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Roundtable: Filner Sentenced, Revenge Porn Busted, Car Culture Questioned

Audio

HOST:

Tom Fudge

GUESTS:

Tony Perry, Los Angeles Times

David Wagner, KPBS News

Alison St. John, KPBS News

Transcript

Bob Filner Sentenced

The soap opera that could be titled "Bob Filner, Disgraced Mayor of San Diego," came to a dramatic end in a San Diego court this week.

The mayor, who pleaded guilty in October to one felony charge of false imprisonment and two misdemeanor counts of battery, was sentenced to 90 days of home confinement in the company of a GPS ankle bracelet, three years probation, a reduced city pension and a $1,500 fine.

From the initial accusation to Filner's resignation on Aug. 30, the process took just six weeks. Published reports of court documents have detailed Filner’s current medications, which include anti-depressants and other mood-altering drugs, as well as the fact that congressional doctors had prescribed counseling and medication to stabilize his mood and safeguard his mental health when he lived in Washington, D.C.

Both the meds and counseling sessions were disrupted when he moved to San Diego to run for mayor.

Owner/Operator Of Revenge Porn Website Busted

Enterprising San Diegan Kevin Bollaert owned and operated ugotposted.com, a website allowing users (often vindictive ex-boyfriends) to anonymously post nude photos of women without their consent and along with their names, ages and Facebook profiles.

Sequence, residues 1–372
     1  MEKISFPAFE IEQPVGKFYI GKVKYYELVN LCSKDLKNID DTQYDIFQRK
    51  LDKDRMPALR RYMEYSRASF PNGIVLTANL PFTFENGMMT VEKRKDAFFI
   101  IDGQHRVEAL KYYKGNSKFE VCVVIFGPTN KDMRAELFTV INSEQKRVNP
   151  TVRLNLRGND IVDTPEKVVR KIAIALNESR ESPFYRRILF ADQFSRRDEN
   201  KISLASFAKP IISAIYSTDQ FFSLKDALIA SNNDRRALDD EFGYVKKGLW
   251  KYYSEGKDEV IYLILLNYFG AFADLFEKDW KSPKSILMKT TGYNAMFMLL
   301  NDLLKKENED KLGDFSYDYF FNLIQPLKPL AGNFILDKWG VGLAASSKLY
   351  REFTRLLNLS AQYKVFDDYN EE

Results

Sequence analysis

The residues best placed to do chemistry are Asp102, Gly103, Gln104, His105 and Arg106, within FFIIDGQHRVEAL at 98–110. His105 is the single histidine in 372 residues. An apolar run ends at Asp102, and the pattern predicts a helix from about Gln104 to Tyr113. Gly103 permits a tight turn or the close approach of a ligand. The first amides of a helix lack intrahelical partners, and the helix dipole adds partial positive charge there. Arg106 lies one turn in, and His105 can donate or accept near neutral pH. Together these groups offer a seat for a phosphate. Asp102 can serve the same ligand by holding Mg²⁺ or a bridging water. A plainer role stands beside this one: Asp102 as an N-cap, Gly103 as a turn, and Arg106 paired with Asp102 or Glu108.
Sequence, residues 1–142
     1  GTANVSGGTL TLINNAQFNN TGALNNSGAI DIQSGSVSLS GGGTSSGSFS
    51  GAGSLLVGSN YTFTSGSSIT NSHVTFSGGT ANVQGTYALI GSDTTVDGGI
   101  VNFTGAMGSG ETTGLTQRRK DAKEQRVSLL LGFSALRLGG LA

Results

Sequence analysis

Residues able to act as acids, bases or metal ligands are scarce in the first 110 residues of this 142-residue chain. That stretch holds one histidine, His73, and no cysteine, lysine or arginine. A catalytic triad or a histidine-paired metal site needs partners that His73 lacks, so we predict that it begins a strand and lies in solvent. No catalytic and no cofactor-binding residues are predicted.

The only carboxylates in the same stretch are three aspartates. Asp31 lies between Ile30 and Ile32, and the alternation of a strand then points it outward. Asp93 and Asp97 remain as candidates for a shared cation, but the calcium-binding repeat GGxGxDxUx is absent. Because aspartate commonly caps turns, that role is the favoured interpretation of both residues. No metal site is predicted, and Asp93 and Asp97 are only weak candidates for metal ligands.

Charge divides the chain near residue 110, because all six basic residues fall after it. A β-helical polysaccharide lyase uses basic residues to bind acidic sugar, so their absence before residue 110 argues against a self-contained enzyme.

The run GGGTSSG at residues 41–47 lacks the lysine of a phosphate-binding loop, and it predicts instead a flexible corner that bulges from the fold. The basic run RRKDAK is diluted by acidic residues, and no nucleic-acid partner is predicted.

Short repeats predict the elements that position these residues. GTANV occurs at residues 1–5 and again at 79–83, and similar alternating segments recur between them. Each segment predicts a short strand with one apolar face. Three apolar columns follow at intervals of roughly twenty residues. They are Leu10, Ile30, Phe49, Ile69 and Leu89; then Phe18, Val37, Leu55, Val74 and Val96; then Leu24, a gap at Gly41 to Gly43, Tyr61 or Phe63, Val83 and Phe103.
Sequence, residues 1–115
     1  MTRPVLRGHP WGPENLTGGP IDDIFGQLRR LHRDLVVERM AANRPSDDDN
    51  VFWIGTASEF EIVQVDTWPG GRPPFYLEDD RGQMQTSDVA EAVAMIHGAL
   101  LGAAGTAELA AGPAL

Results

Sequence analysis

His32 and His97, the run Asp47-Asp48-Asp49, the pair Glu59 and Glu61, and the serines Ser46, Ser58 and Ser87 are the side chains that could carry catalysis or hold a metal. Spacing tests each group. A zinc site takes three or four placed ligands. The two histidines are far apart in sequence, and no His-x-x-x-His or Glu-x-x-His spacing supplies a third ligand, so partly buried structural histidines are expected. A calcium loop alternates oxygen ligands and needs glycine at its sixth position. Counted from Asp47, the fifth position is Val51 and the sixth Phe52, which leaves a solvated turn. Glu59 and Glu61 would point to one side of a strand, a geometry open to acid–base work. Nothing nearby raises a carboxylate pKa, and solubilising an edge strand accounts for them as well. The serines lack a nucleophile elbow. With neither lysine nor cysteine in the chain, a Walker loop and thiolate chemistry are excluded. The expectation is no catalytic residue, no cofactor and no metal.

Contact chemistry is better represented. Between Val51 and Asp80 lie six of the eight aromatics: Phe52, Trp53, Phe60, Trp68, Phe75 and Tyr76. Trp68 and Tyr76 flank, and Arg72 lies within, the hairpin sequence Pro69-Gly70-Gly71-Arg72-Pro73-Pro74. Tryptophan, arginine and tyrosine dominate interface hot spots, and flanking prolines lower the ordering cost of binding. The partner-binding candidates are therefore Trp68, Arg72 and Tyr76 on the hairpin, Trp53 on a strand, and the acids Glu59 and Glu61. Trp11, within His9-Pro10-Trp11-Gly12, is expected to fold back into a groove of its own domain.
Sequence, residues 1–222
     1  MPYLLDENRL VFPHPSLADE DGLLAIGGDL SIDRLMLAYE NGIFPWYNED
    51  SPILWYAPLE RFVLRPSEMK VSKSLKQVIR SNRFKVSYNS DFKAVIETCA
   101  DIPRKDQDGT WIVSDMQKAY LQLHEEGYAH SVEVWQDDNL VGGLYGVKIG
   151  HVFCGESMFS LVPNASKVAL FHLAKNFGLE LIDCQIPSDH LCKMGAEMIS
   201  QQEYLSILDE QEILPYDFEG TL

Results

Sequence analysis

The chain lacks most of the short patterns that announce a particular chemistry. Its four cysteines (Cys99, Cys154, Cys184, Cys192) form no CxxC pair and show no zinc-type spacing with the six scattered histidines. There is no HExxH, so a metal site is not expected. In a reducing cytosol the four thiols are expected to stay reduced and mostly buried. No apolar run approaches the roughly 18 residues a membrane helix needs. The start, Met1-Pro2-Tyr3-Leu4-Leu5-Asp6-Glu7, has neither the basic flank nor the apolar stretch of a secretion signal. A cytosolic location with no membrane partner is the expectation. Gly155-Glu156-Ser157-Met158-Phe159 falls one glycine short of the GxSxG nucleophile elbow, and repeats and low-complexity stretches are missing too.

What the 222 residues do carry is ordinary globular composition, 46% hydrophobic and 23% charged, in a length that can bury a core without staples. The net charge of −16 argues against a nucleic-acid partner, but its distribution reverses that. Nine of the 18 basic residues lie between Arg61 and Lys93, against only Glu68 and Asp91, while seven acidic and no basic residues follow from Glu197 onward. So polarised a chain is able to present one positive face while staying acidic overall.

He became the first person in the state to be busted for crimes related to having such a website, and the site itself was shut down. California recently passed a law criminalizing such businesses as “revenge porn” this year, but Bollaert was charged instead with extortion, conspiracy and identity theft.

To get the photos removed from his site, the victims had to pay up to $350 through another website allegedly owned and operated by Bollaert.

Some in California have criticized the state's revenge porn law as weak or even unnecessary. Others have pointed out the fact that there are obvious First Amendment issues.

In North County, The Car Is Still King

San Diego County Supervisor Dave Roberts convened the North County Transportation Business Summit this week because at the last transportation meeting he attended, he noted that "people complained that basically the car was the primary way to get around North County."

There's one COASTER, one SPRINTER and a few bus lines. That's it.

This wasn't news to the business leaders who attended the summit, but this time, the emphasis was on the effects of car culture on public health.

From obesity to asthma to inactivity, the public costs are great. Nick Maccione, director of San Diego County's Health and Human Services Department, said that poor public health eats up 18 percent of the region's gross domestic product and costs $4 billion in direct expenditures.

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